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Youth suicides may be on the rise as students return to school, study suggests

A study suggests students are less likely to die by suicide when they are not physically in school.

HALLOWELL, Maine — We have heard time and time again how isolating the COVID-19 pandemic has been for many people, but some adolescents may be feeling differently. 

“We've seen the pandemic make an impact on mental health just in general,” Angela Haley from Northern Light Health Acadia Hospital said.

She added that some teenagers actually thrived while learning from home, and returning to in-person learning was difficult for them.

This echoes a recent study by the National Bureau of Economic Research, which found that students 12 to 18 years old were dying by suicide at a higher rate upon returning to in-person learning at schools. (This study has not yet been peer-reviewed and will not be officially published until that happens.)

“In-person learning has increased some anxiety levels," Haley said. "Being at home and learning at home was a solution temporarily to some anxietiessocial anxiety, for example."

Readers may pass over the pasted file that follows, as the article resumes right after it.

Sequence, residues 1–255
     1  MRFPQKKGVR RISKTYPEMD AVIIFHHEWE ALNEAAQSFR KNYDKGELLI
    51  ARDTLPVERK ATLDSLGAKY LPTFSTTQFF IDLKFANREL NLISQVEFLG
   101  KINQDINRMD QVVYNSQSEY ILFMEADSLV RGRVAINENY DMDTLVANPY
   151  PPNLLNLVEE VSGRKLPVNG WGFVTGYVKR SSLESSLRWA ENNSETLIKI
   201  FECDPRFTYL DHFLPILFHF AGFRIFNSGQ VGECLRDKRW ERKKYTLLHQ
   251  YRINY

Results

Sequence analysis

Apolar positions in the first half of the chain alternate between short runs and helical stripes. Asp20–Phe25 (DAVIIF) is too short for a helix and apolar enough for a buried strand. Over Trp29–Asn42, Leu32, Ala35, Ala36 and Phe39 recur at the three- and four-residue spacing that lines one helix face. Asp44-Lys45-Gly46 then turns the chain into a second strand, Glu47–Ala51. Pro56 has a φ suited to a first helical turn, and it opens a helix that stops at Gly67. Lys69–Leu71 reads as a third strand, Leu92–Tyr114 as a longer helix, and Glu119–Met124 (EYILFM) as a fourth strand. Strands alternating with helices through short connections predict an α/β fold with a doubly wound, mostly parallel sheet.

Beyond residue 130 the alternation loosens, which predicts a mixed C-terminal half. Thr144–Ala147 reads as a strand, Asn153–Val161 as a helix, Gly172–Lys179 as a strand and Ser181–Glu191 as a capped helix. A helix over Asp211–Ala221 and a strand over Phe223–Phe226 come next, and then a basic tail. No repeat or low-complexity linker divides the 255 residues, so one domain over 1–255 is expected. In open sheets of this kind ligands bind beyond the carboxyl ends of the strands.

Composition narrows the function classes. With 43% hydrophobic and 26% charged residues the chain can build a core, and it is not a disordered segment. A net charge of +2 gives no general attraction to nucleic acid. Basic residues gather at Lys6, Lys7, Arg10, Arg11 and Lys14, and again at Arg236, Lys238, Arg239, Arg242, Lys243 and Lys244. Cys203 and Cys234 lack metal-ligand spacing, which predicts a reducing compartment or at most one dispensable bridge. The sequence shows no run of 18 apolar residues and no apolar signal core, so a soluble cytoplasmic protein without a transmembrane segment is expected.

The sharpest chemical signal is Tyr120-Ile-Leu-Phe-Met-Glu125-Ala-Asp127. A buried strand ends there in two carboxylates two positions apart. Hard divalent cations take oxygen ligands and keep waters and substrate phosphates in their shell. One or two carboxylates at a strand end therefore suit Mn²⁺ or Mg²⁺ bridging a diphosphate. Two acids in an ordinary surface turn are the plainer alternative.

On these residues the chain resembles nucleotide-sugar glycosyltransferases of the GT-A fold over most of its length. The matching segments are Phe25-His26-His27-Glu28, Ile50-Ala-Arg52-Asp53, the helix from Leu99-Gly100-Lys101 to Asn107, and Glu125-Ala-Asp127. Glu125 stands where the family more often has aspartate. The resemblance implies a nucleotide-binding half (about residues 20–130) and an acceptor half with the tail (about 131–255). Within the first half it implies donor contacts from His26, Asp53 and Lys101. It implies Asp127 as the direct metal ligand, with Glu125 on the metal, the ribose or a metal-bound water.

Mental health leaders at NAMI Maine said it's not that simple to determine why young people are dying by suicide.

“Any study that tries to compare in school versus out, COVID time versus not COVID time, is simplifying a very, very complex story,” Greg Marley of NAMI Maine said.

The study goes on to say that school closures and online learning could have disrupted bullying patterns. But of course, many teenagers have a smartphone and can contribute to or be affected by cyberbullying. 

“The relative anonymity of social media makes it easier for people to become bullies,” Marley said. 

But cyberbullying isn’t as big of a deal when students are learning from home. and when they get back to the classroom, they are more likely to see their classmates and then go home and bully them online.

Experts said that if students don't see each other in person, cyberbullying still happens but not nearly as much.

If you or someone you know is experiencing suicidal thoughts, there are resources right here in Maine that can help navigate through those thoughts and find a path to hope.

Maine Crisis Hotline: 1-888-568-1112

Click here for a list of resources by county

Maine teen text support
This peer support text line is for Maine youth 13 to 24 years old and is staffed by individuals 18 to 24. Talk about your feelings and get support from another young person. Daily from noon to 10 p.m. EST at 207-515-8398.


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